Fargo Hit-and-Run Accident Attorneys
Hit-and-Run Accidents in North Dakota
In North Dakota, people involved in motor vehicle accidents are required by law to stop and remain at the scene to provide identification and offer reasonable aid to others involved. Even in cases that only involve property damage, such as a motorist hitting a parked vehicle, drivers must stop and attempt to locate property owners and/or otherwise identify themselves. When motorists fail to stop and instead flee the scene of an accident, it is known as a “hit-and-run,” and it is a crime in North Dakota and elsewhere in the United States.
Unfortunately, the criminal nature of fleeing the scene of an accident does not stop people from committing hit-and-run accidents. For victims, being involved in such a collision can be extremely devastating. They may suffer serious, life-altering injuries and, to make matters worse, could face numerous challenges in recovering compensation for their damages.
At Maring Williams Law Office, we understand the complex nature of hit-and-run accidents, and we know how to help. From our office in Fargo, we provide personalized legal representation to car accident victims throughout Cass County and the surrounding areas. Our team is here to help you get back on your feet and understand your legal options for recovering compensation following a serious hit-and-run collision.
Call us today at (701) 402-6644 or submit a free online case evaluation form to get started with a no-cost, no-obligation consultation.
Why Do People Flee the Scene of a Car Accident?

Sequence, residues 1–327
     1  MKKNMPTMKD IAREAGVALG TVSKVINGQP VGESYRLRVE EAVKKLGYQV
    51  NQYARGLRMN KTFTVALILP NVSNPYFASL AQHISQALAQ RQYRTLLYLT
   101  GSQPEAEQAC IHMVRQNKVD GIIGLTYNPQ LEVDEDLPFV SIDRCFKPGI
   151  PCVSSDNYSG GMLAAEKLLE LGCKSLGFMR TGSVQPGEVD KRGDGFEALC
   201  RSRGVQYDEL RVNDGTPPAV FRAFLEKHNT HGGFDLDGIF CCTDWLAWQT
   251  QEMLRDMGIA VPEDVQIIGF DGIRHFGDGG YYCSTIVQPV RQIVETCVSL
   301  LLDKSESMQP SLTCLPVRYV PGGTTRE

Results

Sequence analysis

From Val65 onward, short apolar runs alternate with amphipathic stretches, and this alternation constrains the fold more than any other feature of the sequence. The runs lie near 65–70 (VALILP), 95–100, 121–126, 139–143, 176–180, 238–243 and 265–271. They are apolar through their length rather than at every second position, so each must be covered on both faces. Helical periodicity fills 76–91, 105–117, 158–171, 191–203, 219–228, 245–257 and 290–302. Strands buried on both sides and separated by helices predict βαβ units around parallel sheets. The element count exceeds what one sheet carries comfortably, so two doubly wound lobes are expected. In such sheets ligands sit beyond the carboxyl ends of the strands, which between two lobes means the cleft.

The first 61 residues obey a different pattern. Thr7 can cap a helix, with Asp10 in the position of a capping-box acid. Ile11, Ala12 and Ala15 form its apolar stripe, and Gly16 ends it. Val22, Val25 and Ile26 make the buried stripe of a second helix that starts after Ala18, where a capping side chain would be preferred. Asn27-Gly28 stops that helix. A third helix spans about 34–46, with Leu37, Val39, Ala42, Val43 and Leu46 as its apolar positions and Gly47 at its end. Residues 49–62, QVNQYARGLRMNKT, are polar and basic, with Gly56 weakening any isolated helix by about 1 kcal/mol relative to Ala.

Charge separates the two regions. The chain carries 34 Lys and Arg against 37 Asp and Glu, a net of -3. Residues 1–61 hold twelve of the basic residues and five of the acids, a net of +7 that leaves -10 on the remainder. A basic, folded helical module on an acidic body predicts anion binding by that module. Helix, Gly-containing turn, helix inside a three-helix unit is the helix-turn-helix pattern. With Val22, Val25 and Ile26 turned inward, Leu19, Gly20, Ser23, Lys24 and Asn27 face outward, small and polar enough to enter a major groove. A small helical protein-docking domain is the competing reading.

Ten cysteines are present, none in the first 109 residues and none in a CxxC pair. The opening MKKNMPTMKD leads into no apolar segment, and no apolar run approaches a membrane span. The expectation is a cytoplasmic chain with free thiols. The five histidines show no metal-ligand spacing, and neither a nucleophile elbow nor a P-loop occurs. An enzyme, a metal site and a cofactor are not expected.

Fleeing the scene of an accident isn’t just a crime; it is also unquestionably morally wrong. When people do not stop after causing accidents, they leave potential victims without any assistance in obtaining emergency medical attention or the information they may need to file a future claim. Despite this, many people commit hit-and-runs for a variety of reasons.
A person may flee the scene of an accident because they:
- Are fearful of the consequences of causing an accident
- Are panicking/in shock following the collision
- Do not have any auto insurance or do not have the proper insurance coverage
- Were committing a traffic violation, such as speeding or texting while driving
- Were under the influence of alcohol and/or drugs
- Were driving a stolen vehicle
- Are underage/do not have a driver’s license or permit
- Simply do not want to be caught
Regardless of the reason, fleeing the scene of a crash is never acceptable. If you were involved in a hit-and-run accident, you should report the crash to the police right away. Try to provide law enforcement with as many details as you can about the other driver and their vehicle, such as the vehicle’s color, make, model, year, and any identifying details, such as bumper stickers or the license plate number. You should also provide information regarding when and where the accident occurred, as well as what led up to the crash.
How Hit-and-Run Investigation Work
While every situation is different, law enforcement agencies typically follow several procedures when investigating hit-and-run accidents. First, these investigations begin when someone reports the incident to the police. If you are involved in a hit-and-run, call 911 or the local law enforcement office in your area and report the crash. Provide as many details as possible (as outlined above) when reporting the incident. The more information you can provide, the better able the police will be to locate the hit-and-run driver.
If you can safely gather evidence, do so. This might include talking to witnesses who saw what happened, taking pictures of the accident scene and/or your injuries, and obtaining video footage from nearby individuals or businesses.
When investigating the crash, the police will utilize all available facts in an effort to identify and locate the hit-and-run driver. Depending on the evidence, this may be more feasible in some cases than others. For example, if you or a witness was able to obtain the hit-and-run driver’s license plate number, it is more likely that the police will be able to identify the driver. Typically, law enforcement officials will come out to the scene of the crash to gather evidence and details relevant to the case, but the more information you are able to provide in your official accident report, the better.